#PR – Ask the experts: Gavin Esler, author of Lessons from the top
I have written a few post recently about some of the books that I believe all PR professionals should read. One book in particular I have heralded and told everyone about is Lessons from the top by Gavin Esler.
The book looks at the power of storytelling. Great leaders have always understood the power of stories. Through the stories they tell, the most successful leaders educate, persuade and bring about change and in his book Gavin provides examples and gives tips on how to emulate some well-known leaders.
I love this book. It is well written and I simply couldn’t put it down. If you haven’t bought a copy – drop everything a buy one now!
Thankfully after approaching Gavin, he agreed to take part in one of my #PR – Ask the experts interviews. So after having interviewed global superstars, prime ministers and presidents of the United States he had the tables turned on him by a PR pro from Reading :o)
I hope you enjoy this interview as much as I did conducting it.
Paul Stallard: Hi Gavin, please can you introduce yourself and what you do.
Gavin Esler: I am a writer and journalist, the author of five novels and two works of non-fiction including most recently Lessons from the Top, about how leaders tell stories to make others follow them.
Paul Stallard: I believe that PR is a big part of the storytelling mix, and that impacts on everything. Do you think that this is improving as companies are becoming more aware of getting this right, or it’s actually getting worse because there are so many things now that people have to think about?
Gavin Esler: PR does not have very good PR. There are reasons why people are very suspicious of what they are being told and they resent sometimes the idea that paid professionals are involved to tell stories, when of course what they should concentrate on is whether the stories are actually true.
Paul Stallard: Do you think that businesses do enough to understand what their story is? For example, you talk about the three types of story – who am I, who are we as a group and what’s our common purpose? Why is it so important to understand these three points and do you think enough businesses actively do so?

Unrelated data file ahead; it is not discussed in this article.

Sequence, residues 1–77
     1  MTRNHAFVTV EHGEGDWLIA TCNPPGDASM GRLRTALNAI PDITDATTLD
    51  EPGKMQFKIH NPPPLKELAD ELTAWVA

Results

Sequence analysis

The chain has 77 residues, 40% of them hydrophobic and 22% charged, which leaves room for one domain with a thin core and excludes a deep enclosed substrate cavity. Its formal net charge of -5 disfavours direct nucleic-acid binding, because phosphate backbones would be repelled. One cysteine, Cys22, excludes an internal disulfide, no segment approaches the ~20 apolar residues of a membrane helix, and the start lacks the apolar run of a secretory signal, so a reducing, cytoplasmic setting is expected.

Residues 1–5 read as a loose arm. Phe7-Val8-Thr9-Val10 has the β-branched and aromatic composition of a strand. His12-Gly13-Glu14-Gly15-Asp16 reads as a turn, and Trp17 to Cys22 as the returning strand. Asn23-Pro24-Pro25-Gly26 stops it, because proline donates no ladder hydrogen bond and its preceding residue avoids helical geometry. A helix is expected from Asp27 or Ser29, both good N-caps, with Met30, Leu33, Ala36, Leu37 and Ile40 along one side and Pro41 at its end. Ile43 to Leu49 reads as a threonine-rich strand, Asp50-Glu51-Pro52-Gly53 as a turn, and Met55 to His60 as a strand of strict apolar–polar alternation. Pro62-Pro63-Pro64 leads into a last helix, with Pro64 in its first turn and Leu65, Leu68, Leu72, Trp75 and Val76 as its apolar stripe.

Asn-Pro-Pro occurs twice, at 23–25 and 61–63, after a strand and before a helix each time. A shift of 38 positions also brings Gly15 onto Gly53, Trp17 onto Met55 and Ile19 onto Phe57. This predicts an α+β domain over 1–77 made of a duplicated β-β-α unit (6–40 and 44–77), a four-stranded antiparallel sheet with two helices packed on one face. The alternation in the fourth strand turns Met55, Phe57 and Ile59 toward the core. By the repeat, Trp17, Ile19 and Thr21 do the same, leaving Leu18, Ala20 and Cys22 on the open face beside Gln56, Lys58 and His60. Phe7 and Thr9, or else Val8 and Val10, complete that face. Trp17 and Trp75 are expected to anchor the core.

Gavin Esler: Many businesses do not even understand that they HAVE a story. One businesswoman told me she certainly did not have a story. After five minutes I discovered she had started from nothing with one good idea and now runs a successful business which experts to Europe – all by the age of 40. She was astounded when I pointed out that is not only a story, but a good story.
Paul Stallard: Is there a piece of advice you’d give a PR professional?
Gavin Esler: Tell the truth, but be aware that everyone shapes the truth to his or her advantage. You only have to read CVs of job applicants to understand that.
Paul Stallard: In your book you talk about the importance of being authentic when telling a story. In fact, you say this is more important than the truth. Why is this?
Gavin Esler: Take a great story: “I am just a grocer’s daughter from Grantham.” Brilliant characterisation of Margaret Thatcher in half a dozen words – but by grocer’s daughter she was not serving in Lidl. There is nothing false about the story, but what is most important is she made it seem as if it authentically summed her up – when in fact she was much more complicated than that.
Paul Stallard: Who is the best storyteller you have met and why?
Gavin Esler: There are so many of them I have not got time to list them, but Thatcher, Clinton, Blair, would be on the list – and Dolly Parton and Angelina Jolie get a mention in the book too.
Paul Stallard: What tips would you give to ensure that people remember your story?
Gavin Esler: Thinks of a STAR moment – Something They Always Remember. It’s up to the storyteller, not me.
Paul Stallard: What makes a good leader?
Gavin Esler: All kinds of things, but if they have no followers they can’t be a leader. And they won’t have followers if they can’t communicate. The best way to do this is through stories. As Jesus, among others, noticed.
Paul Stallard: You also talk about the importance of confronting the things people are thinking about you. Why do this and give the issue more noise in the media against not rising to the bait and ignoring it?
Gavin Esler: Because people already have a pre-story in their mind about you before they meet you. Some people might call it a prejudice. That’s why Dolly Parton is such a good story teller. She knows everyone looks at her figure and painted face and therefore she defuses the potential for criticism by saying: “It takes a heck of a lot of money to look this cheap.” If you ignore the bad stories about you they will persist, not die.